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|Title:||The Rh4(CO)12-catalyzed hydroformylation of 3,3-dimethylbut-1-ene promoted with HMn(CO)5. Bimetallic catalytic binuclear elimination as an origin for synergism in homogeneous catalysis|
|Citation:||Li, C., Widjaja, E., Garland, M. (2003-05-07). The Rh4(CO)12-catalyzed hydroformylation of 3,3-dimethylbut-1-ene promoted with HMn(CO)5. Bimetallic catalytic binuclear elimination as an origin for synergism in homogeneous catalysis. Journal of the American Chemical Society 125 (18) : 5540-5548. ScholarBank@NUS Repository. https://doi.org/10.1021/ja029499i|
|Abstract:||The bimetallic origins of catalytic synergism were studied using unmodified rhodium and manganese carbonyls as catalyst precursors during the low-temperature hydroformylation of 3,3-dimethylbut-1-ene to 4,4-dimethylpentanal in n-hexane solvent (T ≈ 298 K, Pco = 1.0-4.0 MPa, PH2 = 0.5-2.0 MPa). A dramatic increase in the catalytic rate was observed in the experiments conducted when both metals were used simultaneously. Detailed in-situ FTIR measurements indicated the observable presence of only homometallic complexes during catalysis, e.g., RCORh(CO)4, Rh4(CO)12, Rh6(CO)16, HMn(CO)5, and Mn2(CO)10. The kinetics of product formation show a distinct linear-bilinear form in observables: k1[RCORh(CO)4][CO]-1[H2] + k2[RCORh(CO)4][HMn(CO)5][CO]-1.5. The first term represents the classic unicyclic rhodium catalysis, while the second indicates a hydride attack on an acyl species. These spectroscopic and kinetic results strongly suggest that the origin of synergism is the presence of bimetallic catalytic binuclear elimination and not cluster catalysis. This appears to be the first detailed evidence for such a catalytic mechanism, and its implications for selectivity and nonlinear catalytic activity are accordingly discussed.|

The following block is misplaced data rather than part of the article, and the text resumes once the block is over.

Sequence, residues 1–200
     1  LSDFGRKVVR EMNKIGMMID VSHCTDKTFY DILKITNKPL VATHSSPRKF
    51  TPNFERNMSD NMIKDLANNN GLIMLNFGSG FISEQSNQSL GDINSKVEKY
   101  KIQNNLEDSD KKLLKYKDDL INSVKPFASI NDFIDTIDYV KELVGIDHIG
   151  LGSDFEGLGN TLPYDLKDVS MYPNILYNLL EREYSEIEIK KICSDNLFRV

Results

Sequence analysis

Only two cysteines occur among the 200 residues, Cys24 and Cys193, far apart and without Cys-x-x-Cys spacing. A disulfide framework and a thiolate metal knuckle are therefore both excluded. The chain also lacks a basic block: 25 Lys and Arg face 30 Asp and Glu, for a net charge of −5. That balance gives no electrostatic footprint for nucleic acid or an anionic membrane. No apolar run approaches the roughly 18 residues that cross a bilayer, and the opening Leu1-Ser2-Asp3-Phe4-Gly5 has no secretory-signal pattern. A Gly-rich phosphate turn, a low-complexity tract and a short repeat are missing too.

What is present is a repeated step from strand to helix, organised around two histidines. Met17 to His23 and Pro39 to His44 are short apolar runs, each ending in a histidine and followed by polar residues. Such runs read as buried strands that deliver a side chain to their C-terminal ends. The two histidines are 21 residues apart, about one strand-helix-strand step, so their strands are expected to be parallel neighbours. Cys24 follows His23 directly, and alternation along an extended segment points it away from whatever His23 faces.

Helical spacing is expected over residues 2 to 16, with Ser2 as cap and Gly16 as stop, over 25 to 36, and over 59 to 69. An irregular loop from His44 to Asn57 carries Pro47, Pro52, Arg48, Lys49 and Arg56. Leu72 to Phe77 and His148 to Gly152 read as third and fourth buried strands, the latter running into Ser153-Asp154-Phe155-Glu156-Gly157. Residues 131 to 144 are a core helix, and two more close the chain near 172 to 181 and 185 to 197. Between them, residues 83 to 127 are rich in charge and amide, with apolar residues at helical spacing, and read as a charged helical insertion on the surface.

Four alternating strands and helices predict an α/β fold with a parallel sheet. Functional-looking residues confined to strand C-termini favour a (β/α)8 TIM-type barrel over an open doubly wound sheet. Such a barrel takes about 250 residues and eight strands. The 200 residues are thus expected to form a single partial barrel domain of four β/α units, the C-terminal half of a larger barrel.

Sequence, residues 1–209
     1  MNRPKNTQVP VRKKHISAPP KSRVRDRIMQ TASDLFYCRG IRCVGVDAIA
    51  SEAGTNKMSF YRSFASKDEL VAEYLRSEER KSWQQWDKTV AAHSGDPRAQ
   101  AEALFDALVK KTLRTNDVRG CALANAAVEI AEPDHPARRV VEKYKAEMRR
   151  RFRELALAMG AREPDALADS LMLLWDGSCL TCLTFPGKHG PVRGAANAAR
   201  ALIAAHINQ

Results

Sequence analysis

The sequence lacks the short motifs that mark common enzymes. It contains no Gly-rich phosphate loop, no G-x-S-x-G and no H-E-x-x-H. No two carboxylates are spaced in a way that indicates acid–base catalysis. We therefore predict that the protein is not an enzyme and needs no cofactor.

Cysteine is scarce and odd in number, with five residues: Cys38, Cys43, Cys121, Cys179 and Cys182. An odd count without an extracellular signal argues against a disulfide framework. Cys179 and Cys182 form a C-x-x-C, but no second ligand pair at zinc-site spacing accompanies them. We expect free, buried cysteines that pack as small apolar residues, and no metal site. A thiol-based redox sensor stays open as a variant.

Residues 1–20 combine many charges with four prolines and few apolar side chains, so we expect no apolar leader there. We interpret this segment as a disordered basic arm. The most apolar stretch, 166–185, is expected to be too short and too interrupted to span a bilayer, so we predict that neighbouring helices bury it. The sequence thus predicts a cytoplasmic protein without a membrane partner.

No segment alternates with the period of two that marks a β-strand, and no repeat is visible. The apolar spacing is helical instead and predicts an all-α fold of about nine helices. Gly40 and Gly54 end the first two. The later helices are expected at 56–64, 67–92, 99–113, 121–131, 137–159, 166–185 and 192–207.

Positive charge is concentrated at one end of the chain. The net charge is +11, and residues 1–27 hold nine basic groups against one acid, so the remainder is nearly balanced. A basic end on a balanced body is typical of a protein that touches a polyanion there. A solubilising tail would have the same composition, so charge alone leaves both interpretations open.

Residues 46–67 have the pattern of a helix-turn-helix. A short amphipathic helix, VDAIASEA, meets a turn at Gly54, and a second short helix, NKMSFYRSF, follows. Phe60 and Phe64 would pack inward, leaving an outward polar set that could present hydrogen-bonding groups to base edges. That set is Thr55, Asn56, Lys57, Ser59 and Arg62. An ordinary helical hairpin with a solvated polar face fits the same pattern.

|Source Title:||Journal of the American Chemical Society|
|Appears in Collections:||Staff Publications|
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